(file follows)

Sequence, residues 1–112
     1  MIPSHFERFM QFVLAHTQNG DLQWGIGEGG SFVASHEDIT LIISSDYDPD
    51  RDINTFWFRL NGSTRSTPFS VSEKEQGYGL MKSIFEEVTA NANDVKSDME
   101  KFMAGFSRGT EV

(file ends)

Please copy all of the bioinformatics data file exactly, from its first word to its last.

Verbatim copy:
Sequence, residues 1–112
     1  MIPSHFERFM QFVLAHTQNG DLQWGIGEGG SFVASHEDIT LIISSDYDPD
    51  RDINTFWFRL NGSTRSTPFS VSEKEQGYGL MKSIFEEVTA NANDVKSDME
   101  KFMAGFSRGT EV